The rain teases and the northerly strikes
Tease of the day
New Zealand's rain has had enough of a say in this series already and is now just poking fun at the players. After coming down through the night, and washing out the entire morning session, it held off for long enough to allow the ground to dry, and play was scheduled to start at 2pm. The outfield was ready, the covers were off, the players had warmed up and were in their whites. Then, a soft drizzle began two minutes before play was to start. Everything came to a halt and play was delayed for a further 25 minutes.
The northerly strikes
The fierce northerly came as predicted and the gusts of wind were so harsh, at times, they put the bowlers off, forcing them to restart their run-ups. Mark Gillespie suffered the most, as he was bowling at the time when the gusts were at their nastiest. On a few occasions, he had to pull out after making it all the way to his final stride. When he was forced to restart his run-up at the end of his first spell, he could not hide his frustration and pulled a face of ultimate annoyance.
Missing slip of the day
Ross Taylor seems to have an aversion to third slips. Not for the first time in the series, he would have had a wicket had there been one in place, as Alviro Petersen edged two balls into the third-slip region. The first was off Chris Martin in the third over of the day, a thick outside edge that brought up Petersen's half-century. Sixteen overs later, Petersen did it again. He followed a Doug Bracewell short ball and edged it to second-slip Martin Guptill's right. Guptill got a hand to it but could not hang onto a tough chance, letting Petersen off the hook a second time.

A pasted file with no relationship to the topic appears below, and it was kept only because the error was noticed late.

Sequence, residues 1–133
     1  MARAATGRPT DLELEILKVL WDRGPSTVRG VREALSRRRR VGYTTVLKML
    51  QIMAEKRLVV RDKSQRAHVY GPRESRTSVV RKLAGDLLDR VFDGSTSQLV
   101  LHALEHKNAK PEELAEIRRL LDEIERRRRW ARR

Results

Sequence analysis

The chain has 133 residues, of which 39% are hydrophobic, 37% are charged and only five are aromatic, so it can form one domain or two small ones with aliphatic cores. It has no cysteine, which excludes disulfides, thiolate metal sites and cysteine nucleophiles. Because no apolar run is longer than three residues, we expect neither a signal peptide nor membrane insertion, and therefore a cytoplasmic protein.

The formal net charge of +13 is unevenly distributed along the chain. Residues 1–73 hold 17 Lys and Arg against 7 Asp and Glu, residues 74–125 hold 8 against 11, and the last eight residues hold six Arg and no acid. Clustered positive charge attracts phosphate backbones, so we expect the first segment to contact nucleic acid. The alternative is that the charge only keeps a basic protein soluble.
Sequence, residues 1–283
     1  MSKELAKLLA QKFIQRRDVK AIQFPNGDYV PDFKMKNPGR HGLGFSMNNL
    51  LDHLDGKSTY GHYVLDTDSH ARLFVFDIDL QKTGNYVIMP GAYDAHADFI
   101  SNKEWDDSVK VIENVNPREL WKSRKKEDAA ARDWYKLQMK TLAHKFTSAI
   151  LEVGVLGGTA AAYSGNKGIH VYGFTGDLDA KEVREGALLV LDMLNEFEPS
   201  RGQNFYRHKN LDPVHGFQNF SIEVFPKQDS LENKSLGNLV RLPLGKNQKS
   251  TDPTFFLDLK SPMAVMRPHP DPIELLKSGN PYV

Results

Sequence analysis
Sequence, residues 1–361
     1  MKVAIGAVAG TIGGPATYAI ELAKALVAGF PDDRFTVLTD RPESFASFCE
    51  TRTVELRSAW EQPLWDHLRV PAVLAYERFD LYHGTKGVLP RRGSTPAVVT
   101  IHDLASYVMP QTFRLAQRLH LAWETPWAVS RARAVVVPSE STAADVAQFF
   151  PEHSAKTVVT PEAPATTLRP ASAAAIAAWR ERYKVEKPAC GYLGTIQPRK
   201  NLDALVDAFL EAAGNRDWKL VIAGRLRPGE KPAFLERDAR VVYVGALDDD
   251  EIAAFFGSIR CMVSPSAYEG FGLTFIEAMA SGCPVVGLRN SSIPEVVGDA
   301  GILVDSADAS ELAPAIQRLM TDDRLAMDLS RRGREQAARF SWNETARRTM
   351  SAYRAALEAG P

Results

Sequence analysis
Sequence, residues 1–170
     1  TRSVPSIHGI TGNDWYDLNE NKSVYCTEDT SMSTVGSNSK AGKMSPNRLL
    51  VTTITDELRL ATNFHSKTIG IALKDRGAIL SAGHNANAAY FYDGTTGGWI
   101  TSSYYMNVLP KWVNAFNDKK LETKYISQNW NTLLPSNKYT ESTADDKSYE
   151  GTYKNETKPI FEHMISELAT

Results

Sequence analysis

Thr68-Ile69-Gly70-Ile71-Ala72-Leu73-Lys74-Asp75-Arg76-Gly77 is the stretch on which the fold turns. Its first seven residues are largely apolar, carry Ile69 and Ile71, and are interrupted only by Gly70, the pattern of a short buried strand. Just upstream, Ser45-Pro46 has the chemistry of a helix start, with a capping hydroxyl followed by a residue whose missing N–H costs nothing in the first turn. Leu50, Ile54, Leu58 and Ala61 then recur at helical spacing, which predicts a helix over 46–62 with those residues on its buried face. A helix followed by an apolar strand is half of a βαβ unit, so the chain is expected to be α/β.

The African forest arrives in New Zealand
The weather did not make South Africa feel at home but the Wellington crowd did their best to change that. A dozen of them brought a bit of the African bush to the Basin Reserve by donning outfits that would keep them warm and provide some entertainment. Three zebras, two baboons, two lions, two elephants, one warthog, one giraffe and one monkey took their places on the steps leading down from the William Wakefield Memorial, and cheered on Alviro Petersen and JP Duminy's century partnership.
Edited by Dustin Silgardo
Firdose Moonda is ESPNcricinfo's South Africa correspondent